One of the things about growing up, I think, is that you get a pretty strong sense of what books you’ll like and which ones you won’t.
I know, for example, that I’m likely to enjoy most historical fiction set during the last two centuries, YA romances, everything by Sophie Kinsella, and anything that has to do with time travel. I also cannot say no to food-related non-fiction or pop psychology.
On the other hand, I shy away from fantasy that heavily features made-up worlds/animals/language, non-fiction with very tiny text, and . . .
. . . books about animals (sorry, Shiloh).
So, you can imagine that I was a bit wary of The One and Only Ivan when it won the Newbery. Seriously? A book from the point of view of a gorilla?
But then it was on the shelf at the library and I am trying (very very slowly) to read through all the Newbery titles, so I picked it up.
You guys. This book is so so good. I started it two weeks ago just before bed and then blazed through the rest of it while Ani snoozed in my arms at the library in Dallas.
This is the perfect combination of beautifully written and just absolutely gripping. Here is a book I would recommend without hesitation to older elementary school students, parents, fellow readers. . .just about anyone. Sometimes the Newbery committee really lets me down (am I taking it too personally? Maybe so), but they delivered this year.
Ivan, a silverback gorilla, lives in a cage (he prefers the term “domain”) at the Exit 8 Big Top Mall and Video Arcade. Twice a day, he and the elderly elephant, Stella, along with a few other animals, put on a little circus show.
Ivan doesn’t mind his life – in fact, he pretty much never thinks about his life before he arrived here. He has a little TV, and his friendship with Stella, and he likes to draw (the owner of the mall sells his crayon drawings for $20 a pop). Things aren’t so bad.
But then, Ruby, a baby elephant, arrives and she does remember her past, including what it was like in the wild. And Ivan starts to remember his own past, first in the jungles of Africa, and then later, living in the home of a young couple.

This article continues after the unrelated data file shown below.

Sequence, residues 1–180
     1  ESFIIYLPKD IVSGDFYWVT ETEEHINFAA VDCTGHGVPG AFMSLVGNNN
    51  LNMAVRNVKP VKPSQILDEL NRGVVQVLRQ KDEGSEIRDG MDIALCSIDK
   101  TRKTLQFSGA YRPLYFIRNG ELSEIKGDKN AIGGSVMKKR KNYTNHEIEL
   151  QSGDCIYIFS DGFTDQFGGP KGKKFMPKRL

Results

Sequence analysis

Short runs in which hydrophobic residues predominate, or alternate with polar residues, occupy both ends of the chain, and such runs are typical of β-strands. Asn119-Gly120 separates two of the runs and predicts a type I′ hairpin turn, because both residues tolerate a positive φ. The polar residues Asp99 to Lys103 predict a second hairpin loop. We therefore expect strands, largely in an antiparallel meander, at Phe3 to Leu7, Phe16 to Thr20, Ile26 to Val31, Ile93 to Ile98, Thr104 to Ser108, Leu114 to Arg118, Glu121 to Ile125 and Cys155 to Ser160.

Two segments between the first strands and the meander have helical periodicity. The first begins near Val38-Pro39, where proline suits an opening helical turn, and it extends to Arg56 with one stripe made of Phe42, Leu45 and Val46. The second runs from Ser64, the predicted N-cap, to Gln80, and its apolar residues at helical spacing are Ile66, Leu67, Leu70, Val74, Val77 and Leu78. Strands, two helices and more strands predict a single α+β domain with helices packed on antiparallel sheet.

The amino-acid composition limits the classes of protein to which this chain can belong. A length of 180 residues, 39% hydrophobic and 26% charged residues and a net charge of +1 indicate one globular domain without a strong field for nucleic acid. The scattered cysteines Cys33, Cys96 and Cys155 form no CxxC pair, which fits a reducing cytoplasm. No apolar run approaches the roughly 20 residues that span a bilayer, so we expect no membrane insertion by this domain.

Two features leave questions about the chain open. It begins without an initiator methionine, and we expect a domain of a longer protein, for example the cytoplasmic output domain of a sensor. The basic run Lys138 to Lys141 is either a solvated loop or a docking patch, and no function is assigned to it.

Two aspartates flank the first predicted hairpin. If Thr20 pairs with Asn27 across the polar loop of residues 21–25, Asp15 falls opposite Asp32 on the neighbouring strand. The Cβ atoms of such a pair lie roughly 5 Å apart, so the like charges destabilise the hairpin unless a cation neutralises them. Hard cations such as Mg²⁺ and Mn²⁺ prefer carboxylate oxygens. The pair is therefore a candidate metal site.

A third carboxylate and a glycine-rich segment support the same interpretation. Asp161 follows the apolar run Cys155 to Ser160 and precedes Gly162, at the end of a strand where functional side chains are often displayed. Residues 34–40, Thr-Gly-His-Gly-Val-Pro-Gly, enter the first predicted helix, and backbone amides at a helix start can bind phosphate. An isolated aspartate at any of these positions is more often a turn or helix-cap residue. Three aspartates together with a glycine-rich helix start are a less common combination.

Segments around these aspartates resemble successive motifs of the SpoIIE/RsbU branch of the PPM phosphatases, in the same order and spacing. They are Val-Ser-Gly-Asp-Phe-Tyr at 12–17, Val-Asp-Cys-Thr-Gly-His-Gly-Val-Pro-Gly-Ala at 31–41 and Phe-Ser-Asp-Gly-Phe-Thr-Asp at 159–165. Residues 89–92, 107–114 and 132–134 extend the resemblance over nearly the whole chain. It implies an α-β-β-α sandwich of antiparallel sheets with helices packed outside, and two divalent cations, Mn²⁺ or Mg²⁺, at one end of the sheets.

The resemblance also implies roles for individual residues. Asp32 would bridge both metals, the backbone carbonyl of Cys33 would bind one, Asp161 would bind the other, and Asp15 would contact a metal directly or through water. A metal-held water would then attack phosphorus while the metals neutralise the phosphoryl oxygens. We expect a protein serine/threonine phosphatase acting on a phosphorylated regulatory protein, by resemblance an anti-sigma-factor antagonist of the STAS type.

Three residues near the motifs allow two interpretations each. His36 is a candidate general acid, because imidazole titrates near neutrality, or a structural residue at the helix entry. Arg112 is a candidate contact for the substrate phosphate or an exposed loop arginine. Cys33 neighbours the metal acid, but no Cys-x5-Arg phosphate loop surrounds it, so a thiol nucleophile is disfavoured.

And Stella is desperate for Ruby to not spend her entire life in a run-down wannabe circus mall. She wants Ivan to help, but what can a gorilla do?
Ivan has such a fantastic voice – he’s by turns light-hearted and depressed. Sometimes he has grand dreams and sometimes he’s resigned to his life in his domain, flicking dungballs at people who stop to gawk at him in the cage.
This book is every inch a Newbery winner. Even if you aren’t an animal book person either, give it a chance. I think you’ll love it.
One of the things that delighted me about this book is that it’s inspired by a true story – there really was a gorilla named Ivan kept in a tiny cage in a shopping mall in Washington state for 30 years. After some public outcry, he was transferred to the Atlanta Zoo. And he really does paint, even signing his art with a thumbprint.
(Also, if you want to love Katherine Applegate even more, check out this very brief interview with her and her husband, Michael Grant (he is the author of the Gone series and they co-authored the mega-popular Animorphs series back when I was a kid), where they ask Michael what he’d change about Katherine. His response,
What would I change about Katherine? Seriously, you expect me to suggest
my wife might have a physical flaw? I know you’re newly married, Roger,
but take some advice: don’t ever admit to a flaw in the spouse. You’ll
never hear the end of it. No, no, no, I’m an experienced husband; I’m
not falling for that.)
Copy checked out from my local library